It looks almost certain we’ll see contested speed in this race with Raymond Tusk, Dash Of Spice, Bollin Joan, Glencadam Glory, Hiroshima, Torcello, Beechwood Jude and Euchen Glen all more than comfortable leading. Euchen Glen is tactically versatile and has been running in smaller field, group races recently so perhaps a bit more restraint will be used here but that still leaves no less than seven possible pace angles!
This race could be a real test at the trip with those coming from nearer the rear likely to be seen to best effect. A bit of extra stamina over further probably wouldn’t be a bad thing either, especially with the ground likely to be quite tacky.
Draw and Pace Combination
We’ve already established that a high draw seems to be an advantage here but is there also a pace bias related to that draw?
The answer is no. Those drawn high seem to have an equal chance of running well whatever their run style. The data above does suggest that coming from mid division with a high draw is a disadvantage but given there seems to be little to no change between hold up and prominent it seems unlikely there is a much bigger disadvantage being placed between those positions. A quirk of a fairly small sample size perhaps.
If you are drawn low you are almost certainly going to be seen to best effect if avoiding either front running duties or a hold up style whilst those drawn in the middle have a fair chance however they are ridden but again, being either prominent or mid division is probably advantageous to those runners.
A big thing is always made of the age of a horse when looking at big handicap trends but does it really make much difference, especially with only 3yos carrying a different weight for age (5lb advantage)?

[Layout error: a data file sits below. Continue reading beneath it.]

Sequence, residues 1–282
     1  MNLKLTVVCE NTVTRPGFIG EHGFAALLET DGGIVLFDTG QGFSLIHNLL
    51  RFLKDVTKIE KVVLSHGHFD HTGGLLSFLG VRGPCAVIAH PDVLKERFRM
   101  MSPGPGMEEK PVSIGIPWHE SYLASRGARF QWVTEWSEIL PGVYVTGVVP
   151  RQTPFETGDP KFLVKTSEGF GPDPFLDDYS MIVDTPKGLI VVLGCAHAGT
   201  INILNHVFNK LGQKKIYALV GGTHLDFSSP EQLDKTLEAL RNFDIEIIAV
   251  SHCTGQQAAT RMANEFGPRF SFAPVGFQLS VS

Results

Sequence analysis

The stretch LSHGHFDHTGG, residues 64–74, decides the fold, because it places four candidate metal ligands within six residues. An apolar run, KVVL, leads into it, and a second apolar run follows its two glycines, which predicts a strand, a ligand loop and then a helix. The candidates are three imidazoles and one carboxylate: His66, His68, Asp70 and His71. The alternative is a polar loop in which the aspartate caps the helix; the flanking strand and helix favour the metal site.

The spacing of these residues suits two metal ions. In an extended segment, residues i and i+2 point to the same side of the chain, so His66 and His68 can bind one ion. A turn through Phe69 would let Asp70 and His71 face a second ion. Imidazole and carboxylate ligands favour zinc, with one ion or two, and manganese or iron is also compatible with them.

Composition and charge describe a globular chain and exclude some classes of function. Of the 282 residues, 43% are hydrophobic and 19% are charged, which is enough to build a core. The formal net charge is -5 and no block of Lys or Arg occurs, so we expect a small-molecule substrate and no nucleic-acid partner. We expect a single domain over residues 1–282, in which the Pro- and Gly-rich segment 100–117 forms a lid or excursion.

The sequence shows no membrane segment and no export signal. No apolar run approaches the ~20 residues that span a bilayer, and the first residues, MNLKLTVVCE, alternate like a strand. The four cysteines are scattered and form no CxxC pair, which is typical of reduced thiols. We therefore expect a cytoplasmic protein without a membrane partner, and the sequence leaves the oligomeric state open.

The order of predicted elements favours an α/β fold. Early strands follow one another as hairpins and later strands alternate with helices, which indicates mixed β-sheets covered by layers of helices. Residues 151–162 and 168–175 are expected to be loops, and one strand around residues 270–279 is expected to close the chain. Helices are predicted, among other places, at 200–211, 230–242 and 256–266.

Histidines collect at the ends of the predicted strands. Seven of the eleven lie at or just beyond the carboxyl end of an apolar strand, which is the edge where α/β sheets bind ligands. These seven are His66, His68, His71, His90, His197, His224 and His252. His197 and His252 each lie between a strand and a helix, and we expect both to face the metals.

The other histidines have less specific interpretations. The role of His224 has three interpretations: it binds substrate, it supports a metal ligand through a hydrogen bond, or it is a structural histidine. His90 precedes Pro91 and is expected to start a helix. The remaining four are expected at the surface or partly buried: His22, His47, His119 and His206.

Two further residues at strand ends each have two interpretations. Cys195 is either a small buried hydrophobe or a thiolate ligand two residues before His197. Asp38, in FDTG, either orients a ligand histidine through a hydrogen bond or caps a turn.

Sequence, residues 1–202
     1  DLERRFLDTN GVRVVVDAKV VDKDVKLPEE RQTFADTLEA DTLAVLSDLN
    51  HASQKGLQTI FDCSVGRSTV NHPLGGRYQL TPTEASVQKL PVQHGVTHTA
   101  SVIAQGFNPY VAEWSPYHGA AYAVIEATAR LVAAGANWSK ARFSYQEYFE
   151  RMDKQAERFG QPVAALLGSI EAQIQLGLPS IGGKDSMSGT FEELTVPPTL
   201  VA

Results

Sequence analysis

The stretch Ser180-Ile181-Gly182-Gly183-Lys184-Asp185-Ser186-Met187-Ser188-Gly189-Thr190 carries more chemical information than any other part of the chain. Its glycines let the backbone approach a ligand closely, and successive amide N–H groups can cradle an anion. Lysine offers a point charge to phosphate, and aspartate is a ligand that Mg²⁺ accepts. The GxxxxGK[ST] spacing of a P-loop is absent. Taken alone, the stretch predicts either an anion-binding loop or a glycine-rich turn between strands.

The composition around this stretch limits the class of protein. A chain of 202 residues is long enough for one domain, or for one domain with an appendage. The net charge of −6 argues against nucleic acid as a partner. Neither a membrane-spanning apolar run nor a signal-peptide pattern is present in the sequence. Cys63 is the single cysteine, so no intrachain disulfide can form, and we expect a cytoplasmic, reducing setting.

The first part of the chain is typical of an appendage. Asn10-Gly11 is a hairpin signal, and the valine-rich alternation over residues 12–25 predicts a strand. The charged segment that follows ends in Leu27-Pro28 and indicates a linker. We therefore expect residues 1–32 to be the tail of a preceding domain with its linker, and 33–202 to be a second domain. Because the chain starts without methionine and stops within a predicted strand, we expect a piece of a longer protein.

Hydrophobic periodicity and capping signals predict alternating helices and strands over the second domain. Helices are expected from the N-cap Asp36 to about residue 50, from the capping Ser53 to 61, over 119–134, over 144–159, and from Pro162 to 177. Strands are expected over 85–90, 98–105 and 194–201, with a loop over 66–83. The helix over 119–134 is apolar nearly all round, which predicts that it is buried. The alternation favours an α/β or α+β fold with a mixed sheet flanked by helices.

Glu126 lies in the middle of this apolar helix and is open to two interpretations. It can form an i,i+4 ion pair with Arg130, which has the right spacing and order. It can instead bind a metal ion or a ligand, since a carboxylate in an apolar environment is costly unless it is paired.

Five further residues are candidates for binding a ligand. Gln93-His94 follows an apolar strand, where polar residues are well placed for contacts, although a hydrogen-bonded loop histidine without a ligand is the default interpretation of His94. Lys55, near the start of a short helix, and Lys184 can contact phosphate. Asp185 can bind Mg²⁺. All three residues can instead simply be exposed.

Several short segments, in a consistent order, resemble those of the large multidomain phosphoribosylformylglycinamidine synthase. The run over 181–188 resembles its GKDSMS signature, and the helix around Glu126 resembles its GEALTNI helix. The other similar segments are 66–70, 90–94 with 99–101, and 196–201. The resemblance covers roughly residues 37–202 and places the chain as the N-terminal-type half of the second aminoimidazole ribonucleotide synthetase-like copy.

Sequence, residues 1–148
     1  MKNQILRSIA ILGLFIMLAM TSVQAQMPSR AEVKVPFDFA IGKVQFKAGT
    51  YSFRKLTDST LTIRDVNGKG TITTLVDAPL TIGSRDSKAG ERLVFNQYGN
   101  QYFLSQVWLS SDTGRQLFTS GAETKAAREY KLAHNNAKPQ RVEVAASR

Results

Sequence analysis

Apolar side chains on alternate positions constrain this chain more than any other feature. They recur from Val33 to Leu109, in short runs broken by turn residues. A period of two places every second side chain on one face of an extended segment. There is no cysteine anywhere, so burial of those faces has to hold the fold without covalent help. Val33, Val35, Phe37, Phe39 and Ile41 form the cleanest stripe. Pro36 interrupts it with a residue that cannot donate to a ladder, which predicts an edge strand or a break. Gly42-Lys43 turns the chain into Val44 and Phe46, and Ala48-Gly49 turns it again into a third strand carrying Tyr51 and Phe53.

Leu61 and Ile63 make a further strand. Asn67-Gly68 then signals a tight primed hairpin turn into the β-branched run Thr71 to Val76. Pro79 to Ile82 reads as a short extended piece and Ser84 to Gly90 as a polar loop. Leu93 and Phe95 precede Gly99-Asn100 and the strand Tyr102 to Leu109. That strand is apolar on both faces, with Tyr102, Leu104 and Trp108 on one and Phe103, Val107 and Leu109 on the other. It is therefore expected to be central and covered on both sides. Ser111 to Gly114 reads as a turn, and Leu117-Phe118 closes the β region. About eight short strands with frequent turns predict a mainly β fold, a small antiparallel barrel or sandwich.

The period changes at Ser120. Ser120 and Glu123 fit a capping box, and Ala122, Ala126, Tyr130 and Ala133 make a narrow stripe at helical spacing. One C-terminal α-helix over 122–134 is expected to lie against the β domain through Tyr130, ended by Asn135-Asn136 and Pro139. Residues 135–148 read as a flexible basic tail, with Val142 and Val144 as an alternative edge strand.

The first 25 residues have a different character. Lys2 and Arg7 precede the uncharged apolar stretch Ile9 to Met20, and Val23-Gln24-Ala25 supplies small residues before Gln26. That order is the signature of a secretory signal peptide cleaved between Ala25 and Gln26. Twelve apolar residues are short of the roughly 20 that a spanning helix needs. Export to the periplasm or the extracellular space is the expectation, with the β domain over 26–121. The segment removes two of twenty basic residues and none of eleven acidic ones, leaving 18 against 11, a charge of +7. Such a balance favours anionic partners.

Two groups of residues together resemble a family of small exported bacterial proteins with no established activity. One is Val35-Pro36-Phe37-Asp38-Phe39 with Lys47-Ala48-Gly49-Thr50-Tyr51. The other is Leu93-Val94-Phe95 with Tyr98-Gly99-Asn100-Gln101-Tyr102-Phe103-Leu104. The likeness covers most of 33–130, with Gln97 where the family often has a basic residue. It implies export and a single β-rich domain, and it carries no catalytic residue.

In the past five renewals of this race there have been winners aged 3, 4, 5 and 7 so a fairly even spread. Arguably 4yos have faired best as they are the only age group to have a better place percentage (55%) compared to their representation in those fields (40%). The 3yos have also performed okay with a 10% place strike rate having made up 11% of the runners during that period. The older brigade, 6yos and 7yos were slightly further below par and 5yos performed least well with a 15% place strike rate compared to 25% representation.
It’s a small sample but it stands to reason that the younger, less exposed runners are likely to include the best handicapped runners.
It's the end of the season and many of these runners have had a tough season so it would be easy to suggest this is a race that’s likely to have an upset. Plenty of big prices tend to reach the frame in this race but it’s worth noting that the last six winners of this race started at 10/1 or less.
He looks to have been saved for this since his close 2nd at Ascot in late July but given he had previously missed 14 months of action it’s entirely possible that connections simply haven’t been able to get him to the track since then. The 4yo has had just six runs to date so there should be more improvement to come and he won his sole start on soft ground at this distance comfortably, albeit off a 10lb lower mark.
He may have been difficult to train but he’s never run a bad race when getting to the racecourse and a 3lbs rise for being beaten a nose last time out seems fair, for all that form hasn’t worked out well. Given he would have preferred softer ground on that occasion it’s probably fair to mark him up as the best horse in that race.
You couldn’t confidently say he’s well enough handicapped to win a race like this given he’s never really beaten much but conditions seem ideal, he’s lightly raced, his trainer is in excellent form and he is very favourably drawn in stall 20.
The 7yo has taken his form to a new level this season after missing two years of racing before a return this season. He’s taken his racing well this season having had nine starts in less than five months and he’s won three of his last four including the Old Borough Cup over two furlongs further and two Group 3s over this distance. All those wins came in very testing conditions.